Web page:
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Key Gene in Cleft Lip and/or Palate Identified

January 8, 2010

Map of chromosomal region that contains FOXE1About six years ago, a team of NIDCR-supported scientists and their colleagues reported that they had genotyped 2,551 people from 388 extended families with a history of cleft lip and/or palate.  The study was noteworthy because it marked the first genome-wide linkage results for this common and developmentally complex birth defect.  Among the interesting leads to flow out of this work was that an undetermined gene in a novel region on the long arm of chromosome nine might be involved in the clefting process.  The challenge was to pinpoint its exact location.  In the December 15, 2009 issue of the journal Human Molecular Genetics, the scientists report that they now have the gene in tow.  It is called FOXE1, which belongs to a family of genes that encode transcription factors involved in pattern formation during embryonic development.  With further study, the researchers noted that the gene will provide valuable new insights into the process that leads to a cleft lip and/or palate.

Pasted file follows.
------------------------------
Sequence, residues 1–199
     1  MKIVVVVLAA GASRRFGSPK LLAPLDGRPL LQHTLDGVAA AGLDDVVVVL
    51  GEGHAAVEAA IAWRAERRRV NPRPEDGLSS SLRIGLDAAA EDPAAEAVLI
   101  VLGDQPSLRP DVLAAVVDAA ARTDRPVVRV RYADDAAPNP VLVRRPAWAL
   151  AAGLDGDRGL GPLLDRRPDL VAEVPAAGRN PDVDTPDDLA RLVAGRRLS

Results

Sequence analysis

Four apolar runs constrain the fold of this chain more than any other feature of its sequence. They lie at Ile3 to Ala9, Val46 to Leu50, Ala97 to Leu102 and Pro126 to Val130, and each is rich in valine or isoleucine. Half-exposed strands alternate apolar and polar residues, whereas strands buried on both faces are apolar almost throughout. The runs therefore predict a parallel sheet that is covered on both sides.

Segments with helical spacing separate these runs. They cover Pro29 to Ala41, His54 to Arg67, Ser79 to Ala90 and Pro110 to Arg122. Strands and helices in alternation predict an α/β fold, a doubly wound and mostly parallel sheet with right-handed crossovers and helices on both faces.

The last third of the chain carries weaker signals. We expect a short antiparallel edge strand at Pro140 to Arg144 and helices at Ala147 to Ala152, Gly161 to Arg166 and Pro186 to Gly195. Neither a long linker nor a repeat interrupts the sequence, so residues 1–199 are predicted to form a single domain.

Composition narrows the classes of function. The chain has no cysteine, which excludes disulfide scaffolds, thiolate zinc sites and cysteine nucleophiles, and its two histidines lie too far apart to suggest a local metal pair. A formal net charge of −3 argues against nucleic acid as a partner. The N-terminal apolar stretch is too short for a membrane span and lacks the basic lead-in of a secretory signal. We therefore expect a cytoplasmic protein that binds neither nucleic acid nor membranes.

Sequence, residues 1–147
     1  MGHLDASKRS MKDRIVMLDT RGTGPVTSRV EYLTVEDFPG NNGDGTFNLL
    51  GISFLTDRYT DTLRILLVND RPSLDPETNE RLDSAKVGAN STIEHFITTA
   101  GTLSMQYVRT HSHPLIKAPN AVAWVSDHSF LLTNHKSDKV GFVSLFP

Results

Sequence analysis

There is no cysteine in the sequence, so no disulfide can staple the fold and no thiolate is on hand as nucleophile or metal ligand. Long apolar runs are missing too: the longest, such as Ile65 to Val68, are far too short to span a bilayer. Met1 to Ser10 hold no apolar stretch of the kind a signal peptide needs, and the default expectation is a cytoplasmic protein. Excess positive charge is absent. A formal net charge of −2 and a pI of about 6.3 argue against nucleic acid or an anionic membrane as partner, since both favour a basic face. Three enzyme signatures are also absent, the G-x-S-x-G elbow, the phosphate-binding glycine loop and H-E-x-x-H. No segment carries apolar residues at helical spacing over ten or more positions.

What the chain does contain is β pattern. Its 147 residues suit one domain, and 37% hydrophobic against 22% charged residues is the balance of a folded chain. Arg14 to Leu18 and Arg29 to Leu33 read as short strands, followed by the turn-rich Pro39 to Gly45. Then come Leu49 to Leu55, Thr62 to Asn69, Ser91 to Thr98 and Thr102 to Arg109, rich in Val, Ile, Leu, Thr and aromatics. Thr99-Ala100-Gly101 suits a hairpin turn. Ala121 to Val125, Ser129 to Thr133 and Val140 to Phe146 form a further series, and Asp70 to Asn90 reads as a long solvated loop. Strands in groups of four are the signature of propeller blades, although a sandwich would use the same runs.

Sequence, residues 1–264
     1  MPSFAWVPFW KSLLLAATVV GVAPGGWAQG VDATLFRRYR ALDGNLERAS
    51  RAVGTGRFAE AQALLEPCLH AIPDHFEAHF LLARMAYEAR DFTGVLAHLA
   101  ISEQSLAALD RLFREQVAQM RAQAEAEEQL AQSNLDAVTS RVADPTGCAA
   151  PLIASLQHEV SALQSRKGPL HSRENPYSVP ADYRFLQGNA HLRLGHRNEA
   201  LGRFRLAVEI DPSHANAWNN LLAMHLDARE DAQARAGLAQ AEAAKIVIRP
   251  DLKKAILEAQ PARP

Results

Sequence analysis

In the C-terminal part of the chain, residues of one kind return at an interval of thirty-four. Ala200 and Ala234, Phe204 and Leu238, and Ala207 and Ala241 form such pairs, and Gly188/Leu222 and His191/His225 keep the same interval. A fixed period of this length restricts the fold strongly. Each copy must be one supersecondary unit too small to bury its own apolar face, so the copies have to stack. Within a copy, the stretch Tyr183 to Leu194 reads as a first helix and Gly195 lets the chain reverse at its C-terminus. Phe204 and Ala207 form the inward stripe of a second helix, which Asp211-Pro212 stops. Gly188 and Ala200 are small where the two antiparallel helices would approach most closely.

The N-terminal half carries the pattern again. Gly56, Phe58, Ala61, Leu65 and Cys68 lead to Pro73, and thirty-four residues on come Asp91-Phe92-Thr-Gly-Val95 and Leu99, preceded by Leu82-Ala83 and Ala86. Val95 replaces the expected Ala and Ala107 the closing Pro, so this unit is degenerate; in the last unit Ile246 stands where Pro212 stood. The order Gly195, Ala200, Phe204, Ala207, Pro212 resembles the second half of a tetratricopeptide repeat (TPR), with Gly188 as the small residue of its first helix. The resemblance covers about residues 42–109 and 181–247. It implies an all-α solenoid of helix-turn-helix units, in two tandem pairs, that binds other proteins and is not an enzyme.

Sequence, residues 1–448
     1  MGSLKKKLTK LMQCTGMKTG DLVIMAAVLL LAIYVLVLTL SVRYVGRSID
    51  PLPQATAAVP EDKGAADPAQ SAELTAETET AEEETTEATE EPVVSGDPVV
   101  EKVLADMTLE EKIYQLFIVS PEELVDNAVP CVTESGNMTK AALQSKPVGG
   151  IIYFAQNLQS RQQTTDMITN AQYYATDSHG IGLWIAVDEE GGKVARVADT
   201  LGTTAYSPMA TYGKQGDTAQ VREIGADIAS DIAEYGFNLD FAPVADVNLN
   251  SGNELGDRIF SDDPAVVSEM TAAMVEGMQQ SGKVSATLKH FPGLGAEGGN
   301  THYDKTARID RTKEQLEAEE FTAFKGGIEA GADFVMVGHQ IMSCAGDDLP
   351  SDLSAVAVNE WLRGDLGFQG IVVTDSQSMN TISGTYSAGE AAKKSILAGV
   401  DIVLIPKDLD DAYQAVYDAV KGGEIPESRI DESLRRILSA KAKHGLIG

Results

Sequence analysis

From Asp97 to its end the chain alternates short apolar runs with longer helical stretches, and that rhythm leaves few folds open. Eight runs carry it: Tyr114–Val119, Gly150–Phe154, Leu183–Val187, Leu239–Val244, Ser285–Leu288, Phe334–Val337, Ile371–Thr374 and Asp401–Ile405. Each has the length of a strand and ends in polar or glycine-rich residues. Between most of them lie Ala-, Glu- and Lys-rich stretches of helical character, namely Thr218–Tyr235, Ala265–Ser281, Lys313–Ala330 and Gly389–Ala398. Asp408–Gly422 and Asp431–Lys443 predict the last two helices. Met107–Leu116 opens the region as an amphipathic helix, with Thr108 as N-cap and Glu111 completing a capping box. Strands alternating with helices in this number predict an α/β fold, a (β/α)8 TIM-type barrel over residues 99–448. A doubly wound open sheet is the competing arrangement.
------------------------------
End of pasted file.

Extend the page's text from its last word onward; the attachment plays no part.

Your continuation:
• FOXE1 association with both isolated cleft lip with or without cleft palate, and isolated cleft palate, Moreno LM et al., Human Molecular Genetics, 2009 Dec 15; 18 (24), 4879-4896

 

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This page last updated: February 26, 2014